Spec Miata frontrunner walks away with a scholarship to compete in MX-5 Cup in 2018
Selin Rollan has been a frontrunner in Spec Miata for the last several years. This year, Rollan finished second in both the SCCA National Championship Runoffs and the NASA Eastern States Championships, earning an invitation to the 2017 Mazda Road to 24 Shootout. On Dec. 8, Rollan, SCCA Spec Miata champ Preston Pardus, Tyler Kicera and iRacing champ John Allen gathered with a pair of Mazda MX-5 Cup cars at the Bondurant Racing School facility in Chandler, Ariz., to see who would earn a $100,000 scholarship to compete in the Idemitsu Mazda MX-5 Cup presented by BFGoodrich® Tires – Rollan walked away with the prize.
“I’m a little teary eyed, honestly,” said Rollan not long after the announcement that he had won the shootout. “I was in shock. It’s a very big honor to win this Mazda Road to 24 Shootout. I don’t think it’s sunk in yet. I was just talking to my parents on the phone, I definitely shed some tears of excitement, and they shed some tears as well – I could hear it in their voices. I’ll be excited to move forward with this.”
Rollan had to beat some good friends and tough competitors to earn the scholarship. Three of the finalists are Southeast Spec Miata racers, so they race head to head often.
“The lineup was stacked. It was fun with Preston; Preston is one of my best friends, we race so much together. Tyler is a very fast, fierce competitor, and John did an amazing job for how little experience that he has and coming from iRacing. It’s crazy how fast John is on iRacing, by the way,” said Rollan.
For the Shootout, each competitor had several sessions in one of the two MX-5 Cup cars, ballasted for equal weight and always on each driver’s own set of BFGoodrich tires. Aside from watching times, the judges – former IndyCar racer and now television commentator Scott Goodyear; Mazda Team Joest driver Jonathan Bomarito; IMSA Continental Tire SportsCar Challenge competitor Andrew Carbonell; and Tom Long, who did much of the development driving on the MX-5 Cup car and has spent several seasons competing in Mazda GT cars and prototypes in IMSA – watched from various spots around the 1.6-mile track. After each session the judges provided feedback and watched how the drivers responded to that feedback in the next session. Through that, they saw some clear indicators that told them Rollan would be successful in MX-5 Cup.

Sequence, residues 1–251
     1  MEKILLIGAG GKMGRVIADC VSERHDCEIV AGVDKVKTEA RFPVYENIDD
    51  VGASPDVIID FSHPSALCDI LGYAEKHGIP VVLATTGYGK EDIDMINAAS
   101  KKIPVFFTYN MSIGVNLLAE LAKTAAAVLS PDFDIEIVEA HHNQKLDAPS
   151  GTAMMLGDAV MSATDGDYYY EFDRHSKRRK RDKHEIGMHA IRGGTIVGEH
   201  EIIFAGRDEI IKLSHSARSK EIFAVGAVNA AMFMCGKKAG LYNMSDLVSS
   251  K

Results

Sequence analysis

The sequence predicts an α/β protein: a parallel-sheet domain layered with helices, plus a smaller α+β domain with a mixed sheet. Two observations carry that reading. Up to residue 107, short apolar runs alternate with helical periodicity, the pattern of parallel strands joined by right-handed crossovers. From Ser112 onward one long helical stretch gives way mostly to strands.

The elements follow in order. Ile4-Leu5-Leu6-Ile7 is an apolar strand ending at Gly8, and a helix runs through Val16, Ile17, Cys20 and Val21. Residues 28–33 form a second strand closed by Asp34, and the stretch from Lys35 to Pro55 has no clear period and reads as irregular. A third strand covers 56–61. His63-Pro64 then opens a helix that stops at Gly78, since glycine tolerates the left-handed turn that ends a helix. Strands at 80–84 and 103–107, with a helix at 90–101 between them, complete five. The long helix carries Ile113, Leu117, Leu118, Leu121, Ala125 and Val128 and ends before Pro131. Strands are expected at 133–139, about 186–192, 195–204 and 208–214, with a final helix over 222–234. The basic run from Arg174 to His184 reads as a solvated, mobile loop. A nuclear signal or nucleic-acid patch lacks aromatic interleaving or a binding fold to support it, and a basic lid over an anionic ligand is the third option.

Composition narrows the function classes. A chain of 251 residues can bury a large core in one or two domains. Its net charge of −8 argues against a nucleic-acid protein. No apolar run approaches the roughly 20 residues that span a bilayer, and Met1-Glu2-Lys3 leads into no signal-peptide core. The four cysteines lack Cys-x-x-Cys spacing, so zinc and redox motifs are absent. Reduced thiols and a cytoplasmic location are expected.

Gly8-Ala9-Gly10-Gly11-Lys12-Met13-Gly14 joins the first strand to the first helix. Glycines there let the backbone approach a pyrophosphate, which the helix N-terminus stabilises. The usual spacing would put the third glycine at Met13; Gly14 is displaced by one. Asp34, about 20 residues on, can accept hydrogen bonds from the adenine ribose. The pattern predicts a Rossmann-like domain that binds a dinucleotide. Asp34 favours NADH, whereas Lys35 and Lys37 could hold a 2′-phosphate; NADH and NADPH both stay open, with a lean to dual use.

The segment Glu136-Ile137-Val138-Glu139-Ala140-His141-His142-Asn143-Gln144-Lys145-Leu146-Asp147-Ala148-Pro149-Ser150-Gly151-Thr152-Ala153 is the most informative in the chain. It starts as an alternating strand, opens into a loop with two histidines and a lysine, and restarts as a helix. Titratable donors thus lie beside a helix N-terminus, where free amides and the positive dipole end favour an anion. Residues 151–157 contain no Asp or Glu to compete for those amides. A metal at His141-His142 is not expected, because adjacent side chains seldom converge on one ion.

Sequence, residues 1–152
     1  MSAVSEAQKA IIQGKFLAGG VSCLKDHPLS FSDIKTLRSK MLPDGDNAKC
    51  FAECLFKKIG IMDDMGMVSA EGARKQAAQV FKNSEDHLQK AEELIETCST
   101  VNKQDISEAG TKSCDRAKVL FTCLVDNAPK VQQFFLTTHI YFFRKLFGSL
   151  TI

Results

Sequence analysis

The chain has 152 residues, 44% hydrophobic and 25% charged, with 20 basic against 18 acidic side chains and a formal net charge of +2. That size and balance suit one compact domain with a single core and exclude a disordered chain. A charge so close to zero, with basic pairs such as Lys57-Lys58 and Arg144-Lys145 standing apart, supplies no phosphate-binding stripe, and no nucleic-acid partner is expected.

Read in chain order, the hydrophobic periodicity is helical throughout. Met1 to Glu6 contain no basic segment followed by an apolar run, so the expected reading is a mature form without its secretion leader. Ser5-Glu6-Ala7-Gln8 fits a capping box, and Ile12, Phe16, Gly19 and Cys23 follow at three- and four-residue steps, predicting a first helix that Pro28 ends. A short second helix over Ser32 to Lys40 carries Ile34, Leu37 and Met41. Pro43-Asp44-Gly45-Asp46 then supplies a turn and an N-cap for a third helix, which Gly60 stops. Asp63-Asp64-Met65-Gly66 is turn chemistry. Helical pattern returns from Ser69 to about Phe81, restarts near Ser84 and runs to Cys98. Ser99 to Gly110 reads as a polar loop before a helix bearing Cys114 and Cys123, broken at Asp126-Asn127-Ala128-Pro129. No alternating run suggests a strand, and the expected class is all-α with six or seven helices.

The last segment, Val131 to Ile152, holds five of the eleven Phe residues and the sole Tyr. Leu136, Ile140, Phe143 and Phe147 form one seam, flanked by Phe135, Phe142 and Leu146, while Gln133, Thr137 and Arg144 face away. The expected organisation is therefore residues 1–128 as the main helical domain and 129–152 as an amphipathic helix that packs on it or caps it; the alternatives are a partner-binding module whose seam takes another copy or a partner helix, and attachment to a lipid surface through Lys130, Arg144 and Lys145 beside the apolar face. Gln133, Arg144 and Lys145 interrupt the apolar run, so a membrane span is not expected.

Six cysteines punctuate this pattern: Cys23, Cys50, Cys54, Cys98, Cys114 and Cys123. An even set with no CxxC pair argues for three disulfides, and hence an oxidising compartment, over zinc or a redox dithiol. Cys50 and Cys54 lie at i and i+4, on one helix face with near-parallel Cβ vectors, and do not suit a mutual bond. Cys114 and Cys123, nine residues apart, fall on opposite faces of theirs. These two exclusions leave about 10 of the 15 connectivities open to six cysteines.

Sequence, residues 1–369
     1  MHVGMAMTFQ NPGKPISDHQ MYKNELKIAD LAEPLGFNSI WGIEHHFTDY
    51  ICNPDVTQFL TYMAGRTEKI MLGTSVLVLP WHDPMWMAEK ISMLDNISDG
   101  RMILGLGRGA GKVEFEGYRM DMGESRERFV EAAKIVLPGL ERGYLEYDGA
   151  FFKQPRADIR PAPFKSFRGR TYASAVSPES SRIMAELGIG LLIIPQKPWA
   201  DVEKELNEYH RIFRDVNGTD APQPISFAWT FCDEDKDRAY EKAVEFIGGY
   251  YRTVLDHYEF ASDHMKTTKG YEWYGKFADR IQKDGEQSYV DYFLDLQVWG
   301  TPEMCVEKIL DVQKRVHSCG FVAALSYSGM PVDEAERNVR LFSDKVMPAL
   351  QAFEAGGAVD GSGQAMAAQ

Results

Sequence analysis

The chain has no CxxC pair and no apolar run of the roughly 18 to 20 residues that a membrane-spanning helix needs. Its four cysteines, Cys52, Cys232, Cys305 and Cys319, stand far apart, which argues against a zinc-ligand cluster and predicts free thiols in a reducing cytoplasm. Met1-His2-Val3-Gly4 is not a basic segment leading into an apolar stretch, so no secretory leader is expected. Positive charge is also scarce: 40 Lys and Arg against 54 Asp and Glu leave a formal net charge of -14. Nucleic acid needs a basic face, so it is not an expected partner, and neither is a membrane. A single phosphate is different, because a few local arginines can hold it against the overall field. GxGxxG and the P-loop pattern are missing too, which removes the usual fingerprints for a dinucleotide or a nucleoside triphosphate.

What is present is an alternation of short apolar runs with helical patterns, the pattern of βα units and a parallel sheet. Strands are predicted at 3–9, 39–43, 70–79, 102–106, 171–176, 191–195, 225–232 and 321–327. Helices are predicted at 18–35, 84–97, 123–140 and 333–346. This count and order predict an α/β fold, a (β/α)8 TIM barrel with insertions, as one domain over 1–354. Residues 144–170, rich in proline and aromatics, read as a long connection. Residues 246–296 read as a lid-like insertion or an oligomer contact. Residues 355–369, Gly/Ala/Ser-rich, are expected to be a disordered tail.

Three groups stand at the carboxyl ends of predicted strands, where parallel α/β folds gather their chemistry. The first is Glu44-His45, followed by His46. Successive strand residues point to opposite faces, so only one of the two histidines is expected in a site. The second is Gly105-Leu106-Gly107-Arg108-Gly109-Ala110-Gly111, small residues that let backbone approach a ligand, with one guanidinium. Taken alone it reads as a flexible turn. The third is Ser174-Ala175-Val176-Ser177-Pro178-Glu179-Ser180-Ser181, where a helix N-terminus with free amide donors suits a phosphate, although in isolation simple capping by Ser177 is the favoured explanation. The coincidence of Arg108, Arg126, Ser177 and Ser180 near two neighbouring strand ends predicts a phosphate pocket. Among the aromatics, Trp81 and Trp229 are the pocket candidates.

“For me, it was the approach,” says Goodyear. “Getting in the car, thinking and programming himself when he left pit lane. He had a plan when he left pit lane. I always tell people, ‘Find some quiet time when you slide in the cockpit and you put your helmet on, and you already have a plan about what you’re going to do out there.’ I saw that clearly. And he was fast, and the car control was exceptional. When he tried something and the car started going out from underneath him, there was no panic in it.”
“I think the biggest thing we saw was just average pace,” adds Long. “His outright pace was strong every session. Another factor is a kind of consistency of the average lap time relative to the fast lap and kind of seeing adjustments and learning throughout the session – trying to make a change to something, then trying something else and actually progressing as the run goes on. It’s not just increasing speed, but physically trying different things whether it be brake points or gear changes or lines.”
Rollan left Arizona on a plane with Pardus back to Florida where he went straight to work at his job selling cars at Classic Mazda in Orlando, a dealership that boasts enthusiasts like Heath Patterson and Chad Rogers among its staff. It’s likely they’ll understand when he needs time off to go race in MX-5 Cup. “I’ve been talking to customers about this and they’ve been giving me their best wishes,” Rollan says. “It’s exciting to talk about and point to the car in the showroom and say, yeah, that’s what I’m racing.”
Now he has a few decisions to make about how he will approach his rookie year in the Idemitsu Mazda MX-5 Cup, but he thinks he’s made one big decision already.
“We’re thinking about purchasing a car,” he says. “My dad and I do a lot of work on the cars, he likes to work on the cars down in Miami. At that point we have unlimited testing. Testing is expensive, to go out on a weekend when it’s not an MX-5 Cup test. We can go out to a regional weekend and test all we want. As far as teams, there are a lot of options for sure. There are some local ones and some very proven teams. We’ve just got to weigh the options and see what’s going to best suit us and our program.”
As the winner of the Mazda Road to 24 Shootout, there are some big expectations heaped upon Rollan’s shoulders. Now the hard work of meeting those expectations begins.